By Kirsty Costa, CERES
Food is on the front line in the battle against climate change. Our food choices contribute up to 30% of our personal carbon footprint — industrial agriculture, food processing and the food distribution system are major emitters of greenhouse gases. A comprehensive study was done for CERES Community farm in 2008. The study examined all the contents of a normal family shopping basket for one week and found the contents had travelled 70,000 kilometres!
Unlike getting solar panels, a hybrid car or new home insulation, making different food choices doesn’t weigh on the budget. After doing some research, I’ve created a ‘cheat sheet’ for how to enjoy delicious foods but also be friendly to the climate:
1) Eat less meat.
While not everyone is ready to become 100% vegetarian, eating less meat is one of the fastest ways to reduce your carbon footprint. According to a 2006 United Nations report, the livestock industry generates a devastating 18 per cent of all human-induced emissions globally. Chicken, on a slightly lesser scale, also requires energy intensive processes like feeding, processing and packaging. Harvesting big fish, such as tuna or swordfish, produces similar amounts of greenhouse gases to harvesting beef because long-distance ocean voyages. Pick one or two days a week where you will only eat vegetarian food. Find a good vegetarian food cooking book to learn the best recipes and experiment in the kitchen.
2) Grow your own.
I have small courtyard with a strip of garden about 5 x 2 metres. I have been amazed that this small patch has produced enough zucchinis, spinach, beans, carrots, lettuce and snow peas to keep my household going. We now have wine barrels full of capsicums, tomatoes, cucumbers, basil and more lettuce. Growing fruits and vegetables is an amazing hobby; picking and cooking your own produce is satisfying beyond words. If you don’t have a garden, grow your own herbs or join a nearby community garden (or set one up at your school). Goodbye grocery bill!
3) Buy local and seasonal fruits and vegetables.
Rediscover the pleasure of meals changing with the seasons! While it can be tempting to eat strawberries in Winter, there is a good chance that they have travelled long distances, been kept in cold storage or grown in energy-hungry greenhouses. Victoria has a fantastic array of farmer’s markets and there’s one open every day of the weekend. If you are time-poor, shop online at CERES Fair Food and let them do the hard work for you. Support your local farmers and food producers as well as the environment.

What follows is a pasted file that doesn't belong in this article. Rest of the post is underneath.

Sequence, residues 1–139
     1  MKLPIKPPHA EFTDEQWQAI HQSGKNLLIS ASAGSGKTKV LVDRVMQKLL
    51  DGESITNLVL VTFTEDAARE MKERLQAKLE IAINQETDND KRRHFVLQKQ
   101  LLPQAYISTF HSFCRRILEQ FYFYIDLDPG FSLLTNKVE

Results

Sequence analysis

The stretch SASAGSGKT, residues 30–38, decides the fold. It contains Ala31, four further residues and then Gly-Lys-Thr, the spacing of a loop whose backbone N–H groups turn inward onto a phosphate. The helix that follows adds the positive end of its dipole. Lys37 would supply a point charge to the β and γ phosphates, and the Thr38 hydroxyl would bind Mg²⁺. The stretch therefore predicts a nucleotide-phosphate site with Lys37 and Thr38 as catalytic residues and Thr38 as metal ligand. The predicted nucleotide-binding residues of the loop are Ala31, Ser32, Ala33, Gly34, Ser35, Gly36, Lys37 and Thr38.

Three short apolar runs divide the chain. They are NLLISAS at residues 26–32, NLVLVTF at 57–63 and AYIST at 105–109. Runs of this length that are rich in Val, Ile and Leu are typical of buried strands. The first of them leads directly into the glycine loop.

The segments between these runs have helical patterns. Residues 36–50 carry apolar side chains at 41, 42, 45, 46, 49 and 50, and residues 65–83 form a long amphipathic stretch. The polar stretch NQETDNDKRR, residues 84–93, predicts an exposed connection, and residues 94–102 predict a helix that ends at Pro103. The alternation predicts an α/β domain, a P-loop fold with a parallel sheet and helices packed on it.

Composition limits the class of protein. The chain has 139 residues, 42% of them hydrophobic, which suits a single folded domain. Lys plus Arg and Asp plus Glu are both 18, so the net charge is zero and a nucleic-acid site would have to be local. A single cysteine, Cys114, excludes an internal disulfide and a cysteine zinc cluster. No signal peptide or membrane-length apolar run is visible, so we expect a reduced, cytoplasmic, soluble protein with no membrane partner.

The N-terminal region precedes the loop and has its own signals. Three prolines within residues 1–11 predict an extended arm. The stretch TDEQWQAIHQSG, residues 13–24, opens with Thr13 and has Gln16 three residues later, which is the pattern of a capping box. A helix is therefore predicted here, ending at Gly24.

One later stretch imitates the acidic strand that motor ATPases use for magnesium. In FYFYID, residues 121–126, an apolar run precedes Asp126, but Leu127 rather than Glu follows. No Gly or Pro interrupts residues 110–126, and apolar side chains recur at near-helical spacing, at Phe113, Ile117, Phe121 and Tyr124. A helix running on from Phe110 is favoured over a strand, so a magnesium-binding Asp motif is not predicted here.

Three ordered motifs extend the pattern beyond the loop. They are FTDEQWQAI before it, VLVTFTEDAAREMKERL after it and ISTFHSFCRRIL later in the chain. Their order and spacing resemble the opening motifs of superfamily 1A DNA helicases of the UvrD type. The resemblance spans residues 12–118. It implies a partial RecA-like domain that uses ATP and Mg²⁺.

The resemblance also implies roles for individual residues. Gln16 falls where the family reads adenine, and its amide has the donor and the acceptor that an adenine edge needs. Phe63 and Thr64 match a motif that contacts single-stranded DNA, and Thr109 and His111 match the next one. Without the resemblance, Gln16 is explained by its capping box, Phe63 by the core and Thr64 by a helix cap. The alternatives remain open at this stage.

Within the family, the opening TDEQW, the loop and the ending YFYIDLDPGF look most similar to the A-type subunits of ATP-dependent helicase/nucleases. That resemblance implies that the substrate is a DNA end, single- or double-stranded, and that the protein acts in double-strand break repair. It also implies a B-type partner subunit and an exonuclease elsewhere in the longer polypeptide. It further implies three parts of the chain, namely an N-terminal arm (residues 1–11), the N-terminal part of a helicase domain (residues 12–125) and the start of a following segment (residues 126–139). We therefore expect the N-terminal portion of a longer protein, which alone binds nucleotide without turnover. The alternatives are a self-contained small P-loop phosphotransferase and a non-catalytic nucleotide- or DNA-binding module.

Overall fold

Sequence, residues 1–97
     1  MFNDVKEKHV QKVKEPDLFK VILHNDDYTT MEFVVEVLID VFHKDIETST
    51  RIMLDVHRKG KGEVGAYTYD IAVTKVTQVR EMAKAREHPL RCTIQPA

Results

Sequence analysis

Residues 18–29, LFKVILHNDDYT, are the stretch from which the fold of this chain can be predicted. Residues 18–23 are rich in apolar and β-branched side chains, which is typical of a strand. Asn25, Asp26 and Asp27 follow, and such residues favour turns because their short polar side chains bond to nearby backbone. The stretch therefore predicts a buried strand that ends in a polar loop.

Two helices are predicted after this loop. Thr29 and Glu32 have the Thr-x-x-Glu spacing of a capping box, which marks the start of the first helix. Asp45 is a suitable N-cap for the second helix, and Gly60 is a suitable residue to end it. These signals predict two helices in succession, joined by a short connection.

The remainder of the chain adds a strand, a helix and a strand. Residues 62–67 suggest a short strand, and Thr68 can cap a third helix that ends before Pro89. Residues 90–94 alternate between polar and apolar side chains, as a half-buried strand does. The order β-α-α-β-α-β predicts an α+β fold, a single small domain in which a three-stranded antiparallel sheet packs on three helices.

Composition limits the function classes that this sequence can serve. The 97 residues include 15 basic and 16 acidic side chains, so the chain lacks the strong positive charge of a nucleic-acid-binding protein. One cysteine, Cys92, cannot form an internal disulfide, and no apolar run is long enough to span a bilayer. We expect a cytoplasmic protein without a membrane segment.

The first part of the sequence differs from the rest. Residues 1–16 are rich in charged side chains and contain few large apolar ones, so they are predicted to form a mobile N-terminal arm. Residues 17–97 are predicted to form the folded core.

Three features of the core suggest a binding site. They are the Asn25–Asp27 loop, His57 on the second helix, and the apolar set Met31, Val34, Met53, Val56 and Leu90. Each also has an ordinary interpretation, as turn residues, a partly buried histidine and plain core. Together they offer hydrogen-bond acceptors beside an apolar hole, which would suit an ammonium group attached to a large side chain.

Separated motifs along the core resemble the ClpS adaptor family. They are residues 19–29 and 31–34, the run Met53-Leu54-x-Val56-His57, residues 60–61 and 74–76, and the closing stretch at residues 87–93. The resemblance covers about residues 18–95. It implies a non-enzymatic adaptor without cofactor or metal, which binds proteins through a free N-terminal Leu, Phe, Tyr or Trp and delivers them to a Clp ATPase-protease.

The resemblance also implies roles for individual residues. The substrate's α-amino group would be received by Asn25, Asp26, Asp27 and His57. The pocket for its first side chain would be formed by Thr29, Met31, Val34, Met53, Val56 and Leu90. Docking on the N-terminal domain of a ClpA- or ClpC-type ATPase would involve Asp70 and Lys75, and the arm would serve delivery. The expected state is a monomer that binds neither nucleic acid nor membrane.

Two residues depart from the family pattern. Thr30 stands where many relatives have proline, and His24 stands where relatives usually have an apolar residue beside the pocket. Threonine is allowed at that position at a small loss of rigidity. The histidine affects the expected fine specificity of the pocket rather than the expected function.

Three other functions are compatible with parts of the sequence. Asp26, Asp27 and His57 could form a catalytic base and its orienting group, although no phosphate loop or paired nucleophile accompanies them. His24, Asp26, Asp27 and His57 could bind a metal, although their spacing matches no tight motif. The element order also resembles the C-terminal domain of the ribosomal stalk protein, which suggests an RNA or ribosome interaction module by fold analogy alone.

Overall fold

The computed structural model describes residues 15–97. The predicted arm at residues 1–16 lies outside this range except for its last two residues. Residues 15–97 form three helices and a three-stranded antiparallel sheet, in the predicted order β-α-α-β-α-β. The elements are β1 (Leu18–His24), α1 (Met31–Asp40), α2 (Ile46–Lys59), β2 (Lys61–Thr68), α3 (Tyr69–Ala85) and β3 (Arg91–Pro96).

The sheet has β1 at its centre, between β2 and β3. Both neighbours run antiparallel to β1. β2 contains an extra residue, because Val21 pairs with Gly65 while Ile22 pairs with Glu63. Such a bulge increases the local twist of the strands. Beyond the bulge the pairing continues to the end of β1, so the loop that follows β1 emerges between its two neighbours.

4) Go organic.
Organic food comes without the embedded energy associated with artificial pesticides and fertiliser. According to Ivan Kennedy, professor in agricultural and environmental chemistry at the University of Sydney, pesticides are primarily made of chlorine, oxygen, sulphur, phosphorus, nitrogen, petroleum and bromine, “you have to use hydrogen gas, made from natural gas or petroleum [to make them], and the CO2 goes straight to the atmosphere”.
5) Only buy what you can eat.
On average, each Victorian household wastes more than $1000 worth of food every year. This brings the state’s annual food waste bill to $2.5 billion. Australia-wide, about 4.45 million tonnes of food worth about $7.8 billion is thrown out. One-third of food is discarded for reasons that could be solved, such as a lack of fridge and freezer space, lack of storage containers and a lack of motivation or effort. Only buy what you can eat and if you have ‘sad’ looking vegetables, turn them into a soup or casserole.
6) Cut the packaging.
Packaging accounts for about 7% of all energy used in our food production system and, most of it ends up in the bin after a single use. Extra packaging usually means extra weight in transportation, too, resulting in extra fuel usage. Replace your packaged goods for fresh ones. When you can’t avoid buying something packaged, try buying it in bulk – and look for recyclable options like paper and glass.
7) Take recycling to the next level.
We need to move beyond sorting waste into the ‘landfill’ and ‘recycling’ bins. Between 30-50% of the waste in our bins is organic waste. When placed in landfill, organic waste emits methane gas which is more damaging than CO2. By composting you can reduce your household waste and create wonderful food for your garden. If you don’t have a garden, ask a neighbour or a friend if you can share their compost space (and help with the upkeep).
8) Be inspired.
There are so many fantastic eco-conscious restaurants out there. If you’re feeling uninspired or lost for ideas, now is the time to dine out. CERES has both an eco-friendly cafe and now The Merri restaurant, BCOZ is in Hawthorn East, Slow Down @ Harley Court is in St Kilda, Le Cru is in Albert Park, Global Vegetarian is in Ormond, there is a great restaurant area at Abbotsford Convent… the list goes on!
Climate Friendly Food Resources:
* Thanks to FoodWise and GMagazine for providing some of the information for this article – http://foodwise.com.au/did-you-know.aspx
* Learn about Melbourne’s seasonal fruit and vegetables –http://seasonalfoodguide.com/melbourne-victoria-seasonal-fresh-produce-guide-fruits-vegetables-in-season-availability-australia.html
* Order CERES Fair Food – http://www.ceresfairfood.org.au/
* Find your local farmer’s market –http://www.vicfarmersmarkets.org.au/
* Visit Kirsty’s cooking blog – http://www.vegematarian.com.au
* Measure your food’s carbon footprint – http://www.foodcarbon.co.uk/
* Try the 100 mile diet – http://100milediet.org/
* Join the Slow Food movement – http://slowfoodaustralia.com.au/
* Learn how to compost – http://foodwise.com.au/get-foodwise/food-composting.aspx
* CERES Incursions offers a ‘Not Just Vegies’ Incursion for Early Childhood and Prep to Grade 2 students.